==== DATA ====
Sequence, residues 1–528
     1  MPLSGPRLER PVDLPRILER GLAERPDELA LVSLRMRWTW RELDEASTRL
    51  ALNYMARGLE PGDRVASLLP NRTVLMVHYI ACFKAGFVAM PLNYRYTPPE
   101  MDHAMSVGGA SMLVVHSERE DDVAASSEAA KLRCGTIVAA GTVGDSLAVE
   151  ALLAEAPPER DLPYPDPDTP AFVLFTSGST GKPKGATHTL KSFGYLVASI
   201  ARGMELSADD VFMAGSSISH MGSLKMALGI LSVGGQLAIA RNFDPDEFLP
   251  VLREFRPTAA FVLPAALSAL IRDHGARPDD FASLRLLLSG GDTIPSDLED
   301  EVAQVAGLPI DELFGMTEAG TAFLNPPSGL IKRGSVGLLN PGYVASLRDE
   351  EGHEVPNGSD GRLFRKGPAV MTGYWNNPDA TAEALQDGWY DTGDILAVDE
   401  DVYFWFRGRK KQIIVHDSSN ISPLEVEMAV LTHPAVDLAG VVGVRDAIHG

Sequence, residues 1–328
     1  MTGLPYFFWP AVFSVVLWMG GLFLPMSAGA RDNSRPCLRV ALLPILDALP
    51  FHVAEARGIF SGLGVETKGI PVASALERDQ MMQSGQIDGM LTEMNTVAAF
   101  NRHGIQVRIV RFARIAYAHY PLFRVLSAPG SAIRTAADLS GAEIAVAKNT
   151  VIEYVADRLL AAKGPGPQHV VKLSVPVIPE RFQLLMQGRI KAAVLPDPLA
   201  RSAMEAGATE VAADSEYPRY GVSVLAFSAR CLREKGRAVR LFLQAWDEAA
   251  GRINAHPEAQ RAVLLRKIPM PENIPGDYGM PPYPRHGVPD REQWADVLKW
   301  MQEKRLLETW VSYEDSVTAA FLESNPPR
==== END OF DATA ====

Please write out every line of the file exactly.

Sequence, residues 1–528
     1  MPLSGPRLER PVDLPRILER GLAERPDELA LVSLRMRWTW RELDEASTRL
    51  ALNYMARGLE PGDRVASLLP NRTVLMVHYI ACFKAGFVAM PLNYRYTPPE
   101  MDHAMSVGGA SMLVVHSERE DDVAASSEAA KLRCGTIVAA GTVGDSLAVE
   151  ALLAEAPPER DLPYPDPDTP AFVLFTSGST GKPKGATHTL KSFGYLVASI
   201  ARGMELSADD VFMAGSSISH MGSLKMALGI LSVGGQLAIA RNFDPDEFLP
   251  VLREFRPTAA FVLPAALSAL IRDHGARPDD FASLRLLLSG GDTIPSDLED
   301  EVAQVAGLPI DELFGMTEAG TAFLNPPSGL IKRGSVGLLN PGYVASLRDE
   351  EGHEVPNGSD GRLFRKGPAV MTGYWNNPDA TAEALQDGWY DTGDILAVDE
   401  DVYFWFRGRK KQIIVHDSSN ISPLEVEMAV LTHPAVDLAG VVGVRDAIHG

Sequence, residues 1–328
     1  MTGLPYFFWP AVFSVVLWMG GLFLPMSAGA RDNSRPCLRV ALLPILDALP
    51  FHVAEARGIF SGLGVETKGI PVASALERDQ MMQSGQIDGM LTEMNTVAAF
   101  NRHGIQVRIV RFARIAYAHY PLFRVLSAPG SAIRTAADLS GAEIAVAKNT
   151  VIEYVADRLL AAKGPGPQHV VKLSVPVIPE RFQLLMQGRI KAAVLPDPLA
   201  RSAMEAGATE VAADSEYPRY GVSVLAFSAR CLREKGRAVR LFLQAWDEAA
   251  GRINAHPEAQ RAVLLRKIPM PENIPGDYGM PPYPRHGVPD REQWADVLKW
   301  MQEKRLLETW VSYEDSVTAA FLESNPPR